From Our Blog

Hiddur: Deepening Jewish Experiences at Summer Camp

By Joel Einleger, Aaron Saxe, and Aimee Weiss on May 16th, 2016

This blog on Hiddur ran originally in eJewishPhilanthropy Think for a moment of nearly any activity you associate with Jewish camp. Whatever comes to mind, chances are that the experience is communal, engaging, and fun. Now, more camps increasingly recognize that any camp experience can also be a quality Jewish experience for their campers and staff – if designed in a thoughtful, intentional way. Over the last decade, multiple investments by different funders have focused on developing the Jewish experience at camp, and camps now have a wide range of professional development and training opportunities with this focus available to their seasonal and year-round staff. The field’s enthusiastic reception of these offerings has shown a steady appetite for learning ...More

The Performance Imperative and the Evolution of Relational Philanthropy

By Chip Edelsberg on May 3rd, 2016

As I move through my eleventh and final year as executive director at the Jim Joseph Foundation, I find it helpful to reflect on key grantmaking principles that inform how I work with Foundation Board members and professionals to help to shape the Foundation’s philanthropy. From the Foundation’s inception, Directors asked the professional team to collaborate with grantees and evaluation experts to carefully assess grants awarded. The Board believes the Foundation’s major grants (generally, awards of one million dollars or more over multiple years) should incorporate “right-sized” evaluation that produces valuable learning for the grantee, the Foundation, and the field of Jewish education. Many developments and changes have occurred in Jewish education, the Jewish community at-large, and in the social profit sector ...More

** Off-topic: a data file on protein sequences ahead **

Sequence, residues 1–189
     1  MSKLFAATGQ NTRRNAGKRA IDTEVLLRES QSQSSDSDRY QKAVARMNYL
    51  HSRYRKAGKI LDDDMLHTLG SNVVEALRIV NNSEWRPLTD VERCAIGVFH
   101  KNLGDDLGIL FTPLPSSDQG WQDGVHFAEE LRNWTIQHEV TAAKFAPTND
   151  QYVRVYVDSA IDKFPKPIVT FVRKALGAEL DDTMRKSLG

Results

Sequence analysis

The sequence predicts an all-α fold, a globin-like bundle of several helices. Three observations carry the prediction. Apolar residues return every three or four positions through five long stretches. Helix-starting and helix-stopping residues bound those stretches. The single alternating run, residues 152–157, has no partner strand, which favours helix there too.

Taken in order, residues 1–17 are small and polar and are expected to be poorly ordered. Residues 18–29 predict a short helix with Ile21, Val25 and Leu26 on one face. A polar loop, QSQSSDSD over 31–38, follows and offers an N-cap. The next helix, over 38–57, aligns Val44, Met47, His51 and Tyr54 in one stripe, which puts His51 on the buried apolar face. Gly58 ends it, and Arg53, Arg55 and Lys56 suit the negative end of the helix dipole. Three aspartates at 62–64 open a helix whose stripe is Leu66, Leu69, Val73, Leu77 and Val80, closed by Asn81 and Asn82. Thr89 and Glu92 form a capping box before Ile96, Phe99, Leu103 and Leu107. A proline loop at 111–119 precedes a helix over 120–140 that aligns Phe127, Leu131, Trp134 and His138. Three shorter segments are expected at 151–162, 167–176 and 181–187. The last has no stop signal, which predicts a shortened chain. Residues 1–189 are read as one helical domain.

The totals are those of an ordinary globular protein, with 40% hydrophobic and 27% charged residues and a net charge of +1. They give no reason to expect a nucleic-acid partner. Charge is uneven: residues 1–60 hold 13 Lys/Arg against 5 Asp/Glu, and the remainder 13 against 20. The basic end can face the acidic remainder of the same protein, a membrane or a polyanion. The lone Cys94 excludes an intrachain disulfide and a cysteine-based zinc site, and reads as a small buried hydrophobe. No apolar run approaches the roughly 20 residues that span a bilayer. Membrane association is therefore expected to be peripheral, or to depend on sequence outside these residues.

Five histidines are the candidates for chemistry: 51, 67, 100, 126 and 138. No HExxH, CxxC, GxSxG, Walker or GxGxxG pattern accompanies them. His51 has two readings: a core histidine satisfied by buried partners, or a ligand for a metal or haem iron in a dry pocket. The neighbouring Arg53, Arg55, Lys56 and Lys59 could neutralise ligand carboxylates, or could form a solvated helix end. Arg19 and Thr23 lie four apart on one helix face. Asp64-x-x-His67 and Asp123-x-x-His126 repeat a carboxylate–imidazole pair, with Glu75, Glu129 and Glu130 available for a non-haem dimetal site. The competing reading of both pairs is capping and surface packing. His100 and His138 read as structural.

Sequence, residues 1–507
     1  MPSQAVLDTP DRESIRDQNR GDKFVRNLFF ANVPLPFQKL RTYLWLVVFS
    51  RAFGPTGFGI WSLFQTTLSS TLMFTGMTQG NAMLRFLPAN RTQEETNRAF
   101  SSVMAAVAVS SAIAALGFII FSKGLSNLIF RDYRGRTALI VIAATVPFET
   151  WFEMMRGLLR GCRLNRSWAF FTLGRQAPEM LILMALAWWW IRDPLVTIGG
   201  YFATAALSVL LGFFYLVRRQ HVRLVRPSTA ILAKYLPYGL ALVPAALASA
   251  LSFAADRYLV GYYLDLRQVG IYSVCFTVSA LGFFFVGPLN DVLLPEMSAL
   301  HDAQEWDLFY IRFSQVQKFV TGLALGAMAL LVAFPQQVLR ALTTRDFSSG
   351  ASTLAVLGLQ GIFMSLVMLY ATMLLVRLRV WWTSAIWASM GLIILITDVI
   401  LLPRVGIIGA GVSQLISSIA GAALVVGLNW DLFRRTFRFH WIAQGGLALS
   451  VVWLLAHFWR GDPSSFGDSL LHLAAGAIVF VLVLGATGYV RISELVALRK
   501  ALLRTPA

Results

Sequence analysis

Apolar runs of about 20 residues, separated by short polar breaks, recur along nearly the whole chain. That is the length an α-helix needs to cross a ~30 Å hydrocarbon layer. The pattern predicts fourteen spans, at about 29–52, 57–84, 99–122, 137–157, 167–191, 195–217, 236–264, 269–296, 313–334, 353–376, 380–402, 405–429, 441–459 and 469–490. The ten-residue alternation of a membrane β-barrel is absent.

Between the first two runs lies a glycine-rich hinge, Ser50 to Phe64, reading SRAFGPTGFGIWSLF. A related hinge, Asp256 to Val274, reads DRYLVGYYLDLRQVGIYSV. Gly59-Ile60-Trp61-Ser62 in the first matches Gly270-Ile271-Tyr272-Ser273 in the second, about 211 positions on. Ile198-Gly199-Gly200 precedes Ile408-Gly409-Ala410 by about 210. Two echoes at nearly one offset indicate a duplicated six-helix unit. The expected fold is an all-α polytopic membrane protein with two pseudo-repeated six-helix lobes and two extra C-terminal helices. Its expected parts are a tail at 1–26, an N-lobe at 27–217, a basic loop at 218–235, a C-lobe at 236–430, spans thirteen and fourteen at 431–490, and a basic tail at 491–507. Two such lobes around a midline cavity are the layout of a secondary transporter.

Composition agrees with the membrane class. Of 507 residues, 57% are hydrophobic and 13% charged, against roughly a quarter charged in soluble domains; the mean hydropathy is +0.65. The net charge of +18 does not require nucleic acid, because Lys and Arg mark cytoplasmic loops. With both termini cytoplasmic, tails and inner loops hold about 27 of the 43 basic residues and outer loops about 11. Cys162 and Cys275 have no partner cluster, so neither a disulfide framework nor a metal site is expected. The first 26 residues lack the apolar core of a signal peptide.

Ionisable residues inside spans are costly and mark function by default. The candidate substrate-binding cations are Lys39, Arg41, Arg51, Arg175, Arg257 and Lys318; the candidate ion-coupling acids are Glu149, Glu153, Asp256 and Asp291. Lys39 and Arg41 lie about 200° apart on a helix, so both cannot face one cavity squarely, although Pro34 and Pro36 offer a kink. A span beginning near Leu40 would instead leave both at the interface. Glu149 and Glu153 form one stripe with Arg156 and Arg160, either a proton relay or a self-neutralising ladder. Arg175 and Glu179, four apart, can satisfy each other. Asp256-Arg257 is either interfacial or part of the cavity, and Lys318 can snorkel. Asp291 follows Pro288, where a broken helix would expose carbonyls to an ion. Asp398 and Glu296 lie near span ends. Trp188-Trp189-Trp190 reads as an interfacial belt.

Turning a Visit into an Immersive Experience

By Steven Green on May 2nd, 2016

The Jim Joseph Foundation invests in curated, immersive, learning experiences and the training of talented educators who facilitate them. From a pedagogical view, this learning experience stands in contrast to a simpler “trip to the museum,” which by itself typically lacks the educational component that catalyzes learning. Rather, an immersive learning experience provides an opportunity for a participant’s growth of knowledge, character, and identity. One example of the value of such an opportunity is found in a 1970 study of Sesame Street,[1] (which had premiered in 1969). The study sought to determine whether socioeconomic status (SeS) was a determining factor for whether children aged 3-5 benefited from watching the program. In this study, for this demographic, there was a ...More

Welcoming in the Stranger, Along with Our Own

By Chip Edelsberg on April 15th, 2016